PHILLIP: So, do you think that it is still possible to rescue this vessel? And if so, how difficult would that be?

POGUE: My belief is that if it is in the water underwater, I don't understand how it's even conceivable. There are only a handful of submersibles in the world that can go to those depths and none of them are ready to get there within the next 24 hours. And even if they could, first, they have to find it, which is unbelievably difficult on the seafloor, where there's no light.

Secondly, what would you do if you did find it? These are submersibles. These are not submarines. These are low powered things that need a ship to carry them for place to place. They could not tow the thing up to the surface. So, suppose they find it on the seafloor in five minutes, then what? I just don't understand what technology could get them back up.

PHILLIP: And The New York Times is reporting that industry leaders, they've questioned the safety concerns about the submersible. And they were saying that a lot of the components, the approach was experimental. Do you see what they're talking about here?

POGUE: Yes. And this was a big focus of my conversations with Stockton Rush, the CEO and the designer. And it is true that the stuff he did is not how people do it. I mean, nobody has used carbon fiber to make a submersible like this before. Nobody has built a submersible that holds five people. The others all hold two or maybe three, but no one has done five. He uses all kinds of new techniques, and he admits that he has critics. He says all these fuddy-duddies stuck in the 1950s way of doing things, they're crazy. How are you ever going to make progress unless you experiment? He was emphatic that his ways were better, that they represent an improvement and that they were safe.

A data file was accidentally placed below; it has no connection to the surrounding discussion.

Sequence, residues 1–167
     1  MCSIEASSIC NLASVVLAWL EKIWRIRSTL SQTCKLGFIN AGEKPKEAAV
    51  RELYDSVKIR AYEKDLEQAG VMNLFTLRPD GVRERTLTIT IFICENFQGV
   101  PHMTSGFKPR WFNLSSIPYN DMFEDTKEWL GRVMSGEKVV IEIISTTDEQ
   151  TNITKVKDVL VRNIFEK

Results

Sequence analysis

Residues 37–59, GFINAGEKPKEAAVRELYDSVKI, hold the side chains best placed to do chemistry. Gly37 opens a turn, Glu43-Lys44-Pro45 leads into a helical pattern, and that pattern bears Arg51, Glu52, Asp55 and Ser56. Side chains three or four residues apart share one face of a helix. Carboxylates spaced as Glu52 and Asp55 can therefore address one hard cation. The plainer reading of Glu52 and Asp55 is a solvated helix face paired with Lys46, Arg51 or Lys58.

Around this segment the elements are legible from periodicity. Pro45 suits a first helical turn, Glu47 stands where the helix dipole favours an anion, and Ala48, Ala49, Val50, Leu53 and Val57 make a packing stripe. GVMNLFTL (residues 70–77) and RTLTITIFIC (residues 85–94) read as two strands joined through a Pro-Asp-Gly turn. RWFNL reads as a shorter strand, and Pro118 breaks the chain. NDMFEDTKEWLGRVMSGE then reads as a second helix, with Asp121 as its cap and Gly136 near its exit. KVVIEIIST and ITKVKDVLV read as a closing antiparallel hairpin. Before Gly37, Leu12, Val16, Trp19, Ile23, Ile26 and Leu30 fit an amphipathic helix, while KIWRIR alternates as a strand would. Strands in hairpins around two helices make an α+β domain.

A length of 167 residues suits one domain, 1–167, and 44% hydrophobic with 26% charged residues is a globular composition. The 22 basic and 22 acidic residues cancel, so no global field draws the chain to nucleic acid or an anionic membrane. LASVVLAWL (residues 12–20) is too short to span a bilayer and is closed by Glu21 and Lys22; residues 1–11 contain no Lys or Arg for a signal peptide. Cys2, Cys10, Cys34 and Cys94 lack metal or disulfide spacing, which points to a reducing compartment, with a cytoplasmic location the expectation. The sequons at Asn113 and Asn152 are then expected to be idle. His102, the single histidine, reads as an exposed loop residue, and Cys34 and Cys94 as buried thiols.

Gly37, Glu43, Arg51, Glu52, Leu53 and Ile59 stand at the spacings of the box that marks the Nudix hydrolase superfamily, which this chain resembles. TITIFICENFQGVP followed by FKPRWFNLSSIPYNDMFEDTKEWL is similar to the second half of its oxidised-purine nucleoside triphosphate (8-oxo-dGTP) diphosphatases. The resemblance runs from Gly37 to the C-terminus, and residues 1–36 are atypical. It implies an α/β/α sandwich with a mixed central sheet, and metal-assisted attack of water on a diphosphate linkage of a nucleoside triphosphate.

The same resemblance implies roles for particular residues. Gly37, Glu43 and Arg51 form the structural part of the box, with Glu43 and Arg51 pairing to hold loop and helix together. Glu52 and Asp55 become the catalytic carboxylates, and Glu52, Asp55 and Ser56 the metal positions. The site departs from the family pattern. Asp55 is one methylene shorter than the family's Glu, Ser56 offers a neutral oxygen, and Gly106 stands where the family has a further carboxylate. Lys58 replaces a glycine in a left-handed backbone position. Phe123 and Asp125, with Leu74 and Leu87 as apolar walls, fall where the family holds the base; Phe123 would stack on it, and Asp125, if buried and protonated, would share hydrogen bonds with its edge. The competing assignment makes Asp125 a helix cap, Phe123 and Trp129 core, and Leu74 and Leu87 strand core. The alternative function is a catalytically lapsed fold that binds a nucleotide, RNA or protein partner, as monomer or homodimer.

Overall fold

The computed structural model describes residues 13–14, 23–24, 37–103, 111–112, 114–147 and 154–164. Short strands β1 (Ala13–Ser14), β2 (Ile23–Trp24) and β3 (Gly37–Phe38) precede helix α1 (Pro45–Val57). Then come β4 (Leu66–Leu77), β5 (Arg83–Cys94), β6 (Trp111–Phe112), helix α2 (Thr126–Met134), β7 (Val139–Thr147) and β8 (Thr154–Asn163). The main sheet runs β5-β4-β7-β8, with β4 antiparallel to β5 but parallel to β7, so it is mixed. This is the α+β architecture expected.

PHILLIP: Well, it continues to be everyone's hope that there's a miracle here, but it's a really tragic situation. David Pogue, thank you. It's good to have you on this.

POGUE: Thank you.

PHILLIP: And let's get straight to Colonel Terry Virts. He is a retired NASA astronaut and a friend of Hamish Harding, who is one of the missing aboard that submersible. Colonel Virts, thank you for joining us.

You were texting with your friend shortly before he went underwater. What did you all say to each other and what was his mood like before going down there?

COL. TERRY VIRTS, FRIEND OF HAMISH HARDING, WHO'S ON MISSING SUBMERSIBLE: Well, he was very excited. It was just a quick text. We're diving on Titanic today, he was -- exclamation point. He was excited about. It was just a few hours before he went. So, I'm sure the whole crew -- I would be excited if I knew I was going down to Titanic. So, it was definitely a positive mood on early Sunday morning.

PHILLIP: Did he ever discuss with you, do you have the sense that he understood what the risks were? We were just talking to David Pogue just a moment ago about just how experimental so much of this technology was.